What Is Congress Doing To Retirement Accounts?

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by Tyler Durden
Monday, Sep 20, 2021 - 12:00 AM


What happened:

In the proposed infrastructure bill, as well as the proposed tax increases to fund it, Congress is messing with retirement accounts.

Here are some of the worst proposals currently on the table.

IRA accounts will not be allowed to invest in anything based on account holder’s status.

That applies to investments that require “accredited investor” status, certain financial credentials, or a minimum net worth, such as many private investments (i.e not publicly listed companies). You have two years to get out of current investments that violate this rule.

The IRA will also be prevented from investing in anything in which the owner has 10% or larger ownership, or is an officer.

This is terrible for Self-Directed IRAs — more on these below. Fortunately, it does not currently apply to 401(k)s.

Restrictions on Roth funding and conversions

The Roth structure allows after-tax contributions to retirement plans which then grow tax free. Since you paid taxes up front, you do not owe taxes on distributions, even if the value has grown substantially from good investments.

Congress is proposing to prohibit any after-tax contributions to Roth structures in workplace plans, and ban converting after-tax money paid into a regular plan into a Roth plan (this tactic can currently help avoid Roth contribution limits).

It would also ban ALL Roth conversions for workplace plans for singles who make over $400,000 per year, and couples who make more than $450,000 — but this would not go into effect until after December 31, 2031.

Converting to Roth triggers a taxable event, meaning you pay the taxes on the account now and not on distributions. This can be preferable if you think your investments will grow enough that you would owe more taxes later on distributions than you would owe currently if the account value was taxed today.

Contribution Limits and Minimum Required Disbursements

According to the House Ways and Means summary, “the legislation prohibits further contributions to a Roth or traditional IRA for a taxable year if the total value of an individual’s IRA and defined contribution retirement accounts generally exceed $10 million as of the end of the prior taxable year.”

This applies “to single taxpayers (or taxpayers married filing separately) with taxable income over $400,000, married taxpayers filing jointly with taxable income over $450,000, and heads of households with taxable income over $425,000 (all indexed for inflation).”

Under those circumstances, the owner of the account would be forced to take a 50% distribution of the combined value of all applicable plans over $10 million (i.e. if the accounts have $11 million total, the minimum required distribution is $500,000).

It becomes even more restrictive if the accounts exceed $20 million in value.

What this means:

This all translates into less choice and flexibility for individuals planning their retirements.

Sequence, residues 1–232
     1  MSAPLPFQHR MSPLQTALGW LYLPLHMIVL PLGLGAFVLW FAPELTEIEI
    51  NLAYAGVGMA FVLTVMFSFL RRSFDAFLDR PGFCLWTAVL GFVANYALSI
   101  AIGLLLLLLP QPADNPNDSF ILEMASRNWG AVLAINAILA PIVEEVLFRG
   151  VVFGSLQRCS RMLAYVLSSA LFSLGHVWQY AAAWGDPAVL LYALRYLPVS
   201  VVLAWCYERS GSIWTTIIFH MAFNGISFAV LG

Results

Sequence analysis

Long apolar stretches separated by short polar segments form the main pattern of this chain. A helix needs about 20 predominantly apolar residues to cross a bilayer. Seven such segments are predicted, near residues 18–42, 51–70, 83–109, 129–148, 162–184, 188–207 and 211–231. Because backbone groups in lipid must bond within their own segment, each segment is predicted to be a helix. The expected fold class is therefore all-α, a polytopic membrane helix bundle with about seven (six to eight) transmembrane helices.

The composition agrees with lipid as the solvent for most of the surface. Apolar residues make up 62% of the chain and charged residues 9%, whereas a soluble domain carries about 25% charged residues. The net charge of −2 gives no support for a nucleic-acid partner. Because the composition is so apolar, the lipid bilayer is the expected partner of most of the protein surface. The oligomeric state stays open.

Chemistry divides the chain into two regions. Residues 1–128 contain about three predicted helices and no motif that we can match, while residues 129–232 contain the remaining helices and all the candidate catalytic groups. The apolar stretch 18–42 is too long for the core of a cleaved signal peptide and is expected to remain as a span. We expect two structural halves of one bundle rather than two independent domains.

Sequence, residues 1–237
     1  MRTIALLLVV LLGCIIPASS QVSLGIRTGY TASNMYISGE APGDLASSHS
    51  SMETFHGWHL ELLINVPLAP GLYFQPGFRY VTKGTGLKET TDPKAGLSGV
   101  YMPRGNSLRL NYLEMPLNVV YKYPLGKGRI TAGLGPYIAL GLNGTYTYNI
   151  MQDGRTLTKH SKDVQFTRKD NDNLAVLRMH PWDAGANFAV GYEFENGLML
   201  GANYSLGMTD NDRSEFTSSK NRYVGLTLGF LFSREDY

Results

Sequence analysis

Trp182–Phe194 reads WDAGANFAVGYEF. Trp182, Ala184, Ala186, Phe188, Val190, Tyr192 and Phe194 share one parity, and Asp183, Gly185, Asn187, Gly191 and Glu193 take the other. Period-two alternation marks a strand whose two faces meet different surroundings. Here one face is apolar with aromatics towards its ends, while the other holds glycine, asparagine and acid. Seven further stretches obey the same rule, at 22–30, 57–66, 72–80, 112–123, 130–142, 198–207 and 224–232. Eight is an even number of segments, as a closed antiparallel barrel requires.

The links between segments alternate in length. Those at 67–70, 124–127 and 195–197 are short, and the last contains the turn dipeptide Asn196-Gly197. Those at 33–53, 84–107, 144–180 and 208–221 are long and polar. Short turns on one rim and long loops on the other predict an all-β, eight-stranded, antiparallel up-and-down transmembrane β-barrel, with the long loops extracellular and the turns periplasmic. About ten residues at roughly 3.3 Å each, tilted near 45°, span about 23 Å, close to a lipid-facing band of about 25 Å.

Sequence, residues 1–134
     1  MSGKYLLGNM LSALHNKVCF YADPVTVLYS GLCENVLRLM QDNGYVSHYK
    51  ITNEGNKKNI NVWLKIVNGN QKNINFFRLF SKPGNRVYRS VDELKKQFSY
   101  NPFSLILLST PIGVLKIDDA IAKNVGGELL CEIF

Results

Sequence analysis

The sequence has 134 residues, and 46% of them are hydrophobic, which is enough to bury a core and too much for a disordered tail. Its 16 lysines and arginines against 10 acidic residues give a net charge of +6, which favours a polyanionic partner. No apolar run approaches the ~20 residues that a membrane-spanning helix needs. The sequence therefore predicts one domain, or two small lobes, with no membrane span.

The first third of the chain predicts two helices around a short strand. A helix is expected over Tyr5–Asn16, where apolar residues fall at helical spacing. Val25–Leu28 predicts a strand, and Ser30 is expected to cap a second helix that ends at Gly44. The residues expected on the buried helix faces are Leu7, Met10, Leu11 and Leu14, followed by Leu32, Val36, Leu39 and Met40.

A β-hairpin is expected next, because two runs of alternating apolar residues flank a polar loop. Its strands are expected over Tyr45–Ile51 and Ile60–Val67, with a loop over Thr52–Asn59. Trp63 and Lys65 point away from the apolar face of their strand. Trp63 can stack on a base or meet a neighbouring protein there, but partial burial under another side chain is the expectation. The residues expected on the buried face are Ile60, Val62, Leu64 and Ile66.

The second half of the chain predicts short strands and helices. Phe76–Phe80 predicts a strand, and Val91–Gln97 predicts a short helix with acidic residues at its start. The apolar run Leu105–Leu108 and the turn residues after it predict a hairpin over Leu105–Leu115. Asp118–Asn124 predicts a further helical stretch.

But it does not eliminate the benefits of the two main self-directed retirement structures that can benefit the self-employed, and people with side income.

What you can do about it:

For a long time we have presented self-directed retirement accounts as a good way to plan for retirement.

A Self-Directed IRA owns one, and exactly one, asset: a limited liability company (LLC) that you manage. That’s why they are called “Self-Directed”. And through that LLC, you can invest your retirement savings in a wide array of assets — precious metals, real estate, cryptocurrency, private businesses*, and much more, in the US, or overseas.

It’s a fairly straightforward setup: you establish an account with the custodian, then establish an LLC in a zero-tax state (like Wyoming or Florida) where the IRA is the owner (member) of the LLC, but YOU are the manager.

You’ll also want to open a bank account for the LLC. Afterward, the custodian transfers your retirement funds to the LLC, putting you in the driver’s seat for determining how the funds are invested.

The contribution limits for the Self-Directed IRAs themselves are not that high, however — only $6,000 (under age 50) or $7,000 (50 and older), so the earlier you start contributing to it, the better.

*If this legislation passes in its current form, the main change to the Self-Directed IRA is that you will no longer be allowed to invest in private companies which require an investor to be accredited, hold certain credentials, or have a minimum net worth.

That is really unfortunate, but it does not entirely negate the benefits of this retirement structure.

Plus, this restriction does NOT currency apply to Solo 401(k)s.

Solo 401(k) is an option to consider if you’re self-employed, or if you generate “side hustle” income.

With a Solo 401(k), you wear BOTH the employer and the employee hats, so you contribute in both roles. A Solo 401(k) allows for contribution levels ranging from $58,000 to $64,500 per year in 2021, depending on your age — offering incredible flexibility, and the ability to significantly lower your personal income tax burden.

Just like a Self-Directed IRA, a Solo 401(k) gives you a much wider array of investment options — real estate, precious metals, private businesses, etc. — that can help maximize your return.

Of course, none of this is definite yet. This is how the legislation currently looks, but there is no guarantee that it will pass in its current form. This is a heads-up about what changes could soon be coming for your retirement accounts.

Keep in mind that we are not tax or investment professionals, and this is not tax or investment advice. You should always consult with a trusted professional, familiar with your particular situation.